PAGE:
Do higher alcohol levels in wines impact on cellaring potential and drinking windows? Winemaker Randy Ullon answers our reader's question.

High alcohol wines – ask Decanter

Arne Byberg, Oslo, asks: Do higher alcohol levels in wines impact on cellaring potential and drinking windows?

Randy Ullon, for Decanter, replies: As long as the wines are balances in tannins, fruit, acidity and alcohol, they should have the capacity to age. If any portion is out of balance, a wine’s ageing potential will be reduced The general upper limit of alcohol these days seems to be 15%, with the ‘norm’ about 14.25% to 14.75%. In addition to producing balanced wine, the vineyard source has a major influence on cellaring potential – regions with more sun and elevation will produce wines that can be cellared for many years. As an example, the powerful mountain fruit from California’s Mount Veeder certainly shows that a wine with this new ‘norm’ can last a lifetime.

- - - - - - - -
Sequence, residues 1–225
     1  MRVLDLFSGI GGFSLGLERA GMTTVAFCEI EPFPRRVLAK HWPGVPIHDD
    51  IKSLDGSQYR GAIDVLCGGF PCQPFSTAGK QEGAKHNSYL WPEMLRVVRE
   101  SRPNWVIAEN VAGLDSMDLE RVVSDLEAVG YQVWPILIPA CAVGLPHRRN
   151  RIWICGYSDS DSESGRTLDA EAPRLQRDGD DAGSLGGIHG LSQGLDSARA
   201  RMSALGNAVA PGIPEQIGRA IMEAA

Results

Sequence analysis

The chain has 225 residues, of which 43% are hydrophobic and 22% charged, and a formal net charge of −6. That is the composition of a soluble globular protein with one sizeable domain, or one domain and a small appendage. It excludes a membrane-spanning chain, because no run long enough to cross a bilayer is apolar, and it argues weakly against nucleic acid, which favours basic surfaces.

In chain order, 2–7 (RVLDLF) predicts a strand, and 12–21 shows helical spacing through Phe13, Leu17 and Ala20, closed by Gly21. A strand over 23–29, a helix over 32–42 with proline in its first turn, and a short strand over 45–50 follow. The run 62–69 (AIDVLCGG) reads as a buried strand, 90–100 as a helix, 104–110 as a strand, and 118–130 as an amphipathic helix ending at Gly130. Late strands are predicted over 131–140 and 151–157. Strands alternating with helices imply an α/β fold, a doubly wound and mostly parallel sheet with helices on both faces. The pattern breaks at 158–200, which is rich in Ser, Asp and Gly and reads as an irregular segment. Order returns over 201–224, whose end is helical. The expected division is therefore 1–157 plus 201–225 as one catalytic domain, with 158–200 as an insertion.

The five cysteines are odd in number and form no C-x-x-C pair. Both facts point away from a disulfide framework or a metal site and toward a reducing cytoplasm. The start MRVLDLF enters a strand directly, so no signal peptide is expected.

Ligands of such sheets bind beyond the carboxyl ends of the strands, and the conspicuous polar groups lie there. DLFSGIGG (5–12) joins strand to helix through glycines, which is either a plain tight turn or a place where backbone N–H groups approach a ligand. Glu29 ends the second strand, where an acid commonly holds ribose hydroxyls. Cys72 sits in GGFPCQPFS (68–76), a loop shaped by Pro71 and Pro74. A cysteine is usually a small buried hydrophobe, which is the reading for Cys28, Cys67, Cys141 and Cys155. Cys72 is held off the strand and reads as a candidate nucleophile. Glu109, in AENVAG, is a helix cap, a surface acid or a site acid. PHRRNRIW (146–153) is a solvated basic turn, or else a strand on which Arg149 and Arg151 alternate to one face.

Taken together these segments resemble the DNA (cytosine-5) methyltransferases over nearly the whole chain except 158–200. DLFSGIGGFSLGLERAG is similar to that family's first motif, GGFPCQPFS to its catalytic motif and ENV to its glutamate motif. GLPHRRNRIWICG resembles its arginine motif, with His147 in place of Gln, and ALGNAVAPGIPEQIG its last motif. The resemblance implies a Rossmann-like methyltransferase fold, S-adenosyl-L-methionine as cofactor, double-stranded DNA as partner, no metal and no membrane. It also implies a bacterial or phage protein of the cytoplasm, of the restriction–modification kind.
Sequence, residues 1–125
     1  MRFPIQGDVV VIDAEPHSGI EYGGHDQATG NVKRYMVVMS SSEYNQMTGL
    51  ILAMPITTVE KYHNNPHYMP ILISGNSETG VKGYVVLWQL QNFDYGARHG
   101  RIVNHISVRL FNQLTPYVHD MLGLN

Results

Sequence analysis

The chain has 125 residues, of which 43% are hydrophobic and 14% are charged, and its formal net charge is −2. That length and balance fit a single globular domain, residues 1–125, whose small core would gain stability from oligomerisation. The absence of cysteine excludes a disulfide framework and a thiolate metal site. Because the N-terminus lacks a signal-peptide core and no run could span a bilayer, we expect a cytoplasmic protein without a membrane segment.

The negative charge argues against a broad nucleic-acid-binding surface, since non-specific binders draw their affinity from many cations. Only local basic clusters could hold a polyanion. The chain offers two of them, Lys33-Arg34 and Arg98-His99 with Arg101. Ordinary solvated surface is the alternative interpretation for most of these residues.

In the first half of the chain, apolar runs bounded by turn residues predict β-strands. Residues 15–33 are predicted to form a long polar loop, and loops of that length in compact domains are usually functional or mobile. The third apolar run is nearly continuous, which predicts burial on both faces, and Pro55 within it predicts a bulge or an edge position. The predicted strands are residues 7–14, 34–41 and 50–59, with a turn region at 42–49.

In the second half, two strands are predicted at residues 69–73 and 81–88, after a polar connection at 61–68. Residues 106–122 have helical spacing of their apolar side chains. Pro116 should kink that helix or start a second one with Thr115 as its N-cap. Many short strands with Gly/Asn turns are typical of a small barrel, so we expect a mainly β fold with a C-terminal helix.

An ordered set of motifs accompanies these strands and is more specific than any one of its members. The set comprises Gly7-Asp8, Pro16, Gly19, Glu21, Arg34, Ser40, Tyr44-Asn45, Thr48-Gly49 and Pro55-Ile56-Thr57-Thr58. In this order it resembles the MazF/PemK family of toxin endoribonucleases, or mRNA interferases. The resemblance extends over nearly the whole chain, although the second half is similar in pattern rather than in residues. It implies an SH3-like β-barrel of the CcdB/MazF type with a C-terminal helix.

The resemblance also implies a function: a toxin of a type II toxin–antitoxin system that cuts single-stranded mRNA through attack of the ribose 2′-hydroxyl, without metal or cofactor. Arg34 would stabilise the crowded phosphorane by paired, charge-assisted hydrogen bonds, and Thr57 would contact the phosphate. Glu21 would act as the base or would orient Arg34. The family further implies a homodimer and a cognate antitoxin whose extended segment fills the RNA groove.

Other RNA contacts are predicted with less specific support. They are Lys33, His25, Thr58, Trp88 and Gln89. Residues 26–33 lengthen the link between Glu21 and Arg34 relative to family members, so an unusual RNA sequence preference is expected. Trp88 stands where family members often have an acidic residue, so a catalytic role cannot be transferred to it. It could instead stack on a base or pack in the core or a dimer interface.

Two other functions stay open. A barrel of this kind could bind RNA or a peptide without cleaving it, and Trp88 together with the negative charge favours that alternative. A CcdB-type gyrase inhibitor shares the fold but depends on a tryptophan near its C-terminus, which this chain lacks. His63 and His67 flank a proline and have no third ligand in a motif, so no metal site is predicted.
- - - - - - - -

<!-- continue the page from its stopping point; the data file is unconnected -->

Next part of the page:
Randy Ullon is the winemaker for Kendall-Jackson, Jackson Family Wines.

 

 

More questions answered:

 

  • Ahli Anggur

    The alcohol and fruit in, say, a 15% abv Oregon pinot may be in balance at three years, but as the fruit starts to fade, the heat will become more apparent.